What’s The Difference Between SOC 2 and ISO 27001?

SOC 2 or ISO 27001?

Written by: Andrew Steioff

Reviewed by:
Updated: September 07, 2023

Table of contents

You’ve most likely arrived on this blog because you’re wondering what the difference is between SOC 2 and ISO 27001. I’m happy to tell you that you’ve come to the right place. Whether you’re hoping to identify which one makes the most sense for your organization or are simply trying to brush up on your understanding, I’ve got you covered. When it comes to determining if you should opt for SOC 2 or ISO 27001 compliance, it’s an and statement for some companies i.e., they need both SOC 2 and ISO 27001. However, it takes time, investment, and effort, so it’s an or question for most companies, i.e., “is it better for us to have SOC 2 or ISO 27001?”

In this blog, I’ll define SOC 2 and ISO 27001, indicate each differentiator, and provide some questions for you to ask to help determine which is better for your company.

What is SOC 2?

SOC 2 is a suite of reports produced during an audit, performed by an independent Certified Public Accountant (CPA) or accountancy organization.

The content of these reports is defined by the American Institute of Certified Public Accountants (AICPA) and, as such, is usually applicable to U.S. companies. SOC 2 validates internal controls related to information systems involved in provided services, based on five semi-overlapping categories called Trust Service Criteria (TSC):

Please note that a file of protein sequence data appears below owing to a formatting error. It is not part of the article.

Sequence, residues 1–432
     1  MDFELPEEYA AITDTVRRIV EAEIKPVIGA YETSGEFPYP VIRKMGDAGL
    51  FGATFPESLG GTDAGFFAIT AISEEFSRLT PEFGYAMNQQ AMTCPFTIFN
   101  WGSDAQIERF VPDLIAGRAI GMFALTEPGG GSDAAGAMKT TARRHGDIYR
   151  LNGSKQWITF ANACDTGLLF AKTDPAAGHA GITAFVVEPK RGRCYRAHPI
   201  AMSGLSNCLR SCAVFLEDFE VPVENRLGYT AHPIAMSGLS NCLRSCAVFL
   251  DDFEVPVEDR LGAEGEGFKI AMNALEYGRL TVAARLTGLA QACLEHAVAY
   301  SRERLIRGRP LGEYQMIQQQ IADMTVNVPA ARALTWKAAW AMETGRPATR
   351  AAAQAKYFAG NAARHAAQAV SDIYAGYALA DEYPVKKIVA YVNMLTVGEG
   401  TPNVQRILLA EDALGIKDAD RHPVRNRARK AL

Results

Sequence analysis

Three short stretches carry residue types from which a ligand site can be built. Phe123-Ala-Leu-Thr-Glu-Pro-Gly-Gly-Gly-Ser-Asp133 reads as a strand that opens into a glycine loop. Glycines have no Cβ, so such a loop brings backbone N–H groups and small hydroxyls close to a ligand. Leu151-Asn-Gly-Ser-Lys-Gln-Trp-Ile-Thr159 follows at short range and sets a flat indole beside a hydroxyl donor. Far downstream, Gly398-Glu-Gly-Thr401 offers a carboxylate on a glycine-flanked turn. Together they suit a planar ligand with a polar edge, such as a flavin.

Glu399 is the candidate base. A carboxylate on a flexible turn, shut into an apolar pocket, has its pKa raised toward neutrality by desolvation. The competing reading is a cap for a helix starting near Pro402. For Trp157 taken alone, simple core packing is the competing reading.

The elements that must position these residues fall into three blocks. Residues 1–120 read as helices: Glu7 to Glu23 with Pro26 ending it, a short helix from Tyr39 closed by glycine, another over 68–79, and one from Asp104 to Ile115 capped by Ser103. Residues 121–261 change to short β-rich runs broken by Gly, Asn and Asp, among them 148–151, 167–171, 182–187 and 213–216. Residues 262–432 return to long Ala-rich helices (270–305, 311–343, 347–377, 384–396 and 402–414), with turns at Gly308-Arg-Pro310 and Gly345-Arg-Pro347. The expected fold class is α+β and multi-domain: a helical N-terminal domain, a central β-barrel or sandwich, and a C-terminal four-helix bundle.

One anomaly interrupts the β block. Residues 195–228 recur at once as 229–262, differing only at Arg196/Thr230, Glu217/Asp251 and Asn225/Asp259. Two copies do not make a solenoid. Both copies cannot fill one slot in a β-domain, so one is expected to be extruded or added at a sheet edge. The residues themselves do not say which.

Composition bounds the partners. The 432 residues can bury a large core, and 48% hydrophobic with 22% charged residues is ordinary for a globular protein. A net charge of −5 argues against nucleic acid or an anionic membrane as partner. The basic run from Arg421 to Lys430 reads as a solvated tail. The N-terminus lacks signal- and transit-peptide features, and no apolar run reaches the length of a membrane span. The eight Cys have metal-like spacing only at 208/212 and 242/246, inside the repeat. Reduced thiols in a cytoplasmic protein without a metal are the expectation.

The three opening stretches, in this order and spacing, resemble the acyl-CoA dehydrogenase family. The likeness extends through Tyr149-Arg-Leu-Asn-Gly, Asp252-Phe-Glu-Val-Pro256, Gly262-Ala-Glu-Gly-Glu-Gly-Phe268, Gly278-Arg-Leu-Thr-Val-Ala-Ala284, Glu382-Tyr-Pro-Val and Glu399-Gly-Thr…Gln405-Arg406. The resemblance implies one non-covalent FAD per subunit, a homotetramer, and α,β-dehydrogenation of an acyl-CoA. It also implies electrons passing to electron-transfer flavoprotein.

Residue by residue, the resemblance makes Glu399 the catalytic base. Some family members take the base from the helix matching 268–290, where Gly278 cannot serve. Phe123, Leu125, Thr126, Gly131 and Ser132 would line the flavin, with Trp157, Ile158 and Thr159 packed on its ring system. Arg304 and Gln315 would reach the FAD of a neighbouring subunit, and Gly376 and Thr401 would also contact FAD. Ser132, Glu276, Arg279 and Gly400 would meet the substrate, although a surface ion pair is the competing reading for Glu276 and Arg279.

• Security
  • Privacy
  • Availability
  • Confidentiality
  • Processing integrity

SOC 2 Differentiators

  1. SOC 2 is primarily a US-based framework. The American Institute of Certified Public Accountants (AICPA) accredits the SOC 2 framework.
  2. SOC 2 requires attestation by a licensed CPA firm. SOC 2 audits are conducted and licensed by third-party CPA firms that generate SOC 2 attestation reports.
  3. SOC 2 audit reports typically cover:
    • Management assertion: confirmation and description of systems related to provided services
    • Auditor’s report: a summary of performed tests and results, and the auditor’s opinion of controls mapped to the Trust Services Criteria
    • Systems overview: descriptions of systems or services
    • Applicable Trust Services Criteria: acknowledgment of controls in place, in addition to controls effectiveness per the Trust Services Criteria. 
  4. There are two types of SOC 2 reports. Depending on the goals of your organization there are two types of SOC 2 reports, Type 1 and Type 2.

What is ISO 27001?

ISO 27001 is a formal security certification and is considered one of the highest international security standards. Its coveted international stature means that attaining certification can facilitate business growth opportunities in the global market.

ISO 27001 provides a defining standard for protection requirements and controls for information (and systems). There are seven clauses (i.e., clauses four through 10) listed in ISO 27001:2013 version for establishing, implementing, and maintaining an organization's Information Security Management System (ISMS)

ISO 27001 Differentiators

  1. ISO 27001 is a standard. And can be certified by any ISO 27001 accredited organization.
  2. Having ISO 27001 is not mandatory for businesses. However, its popularity has continued to grow significantly, making it an unwritten necessity.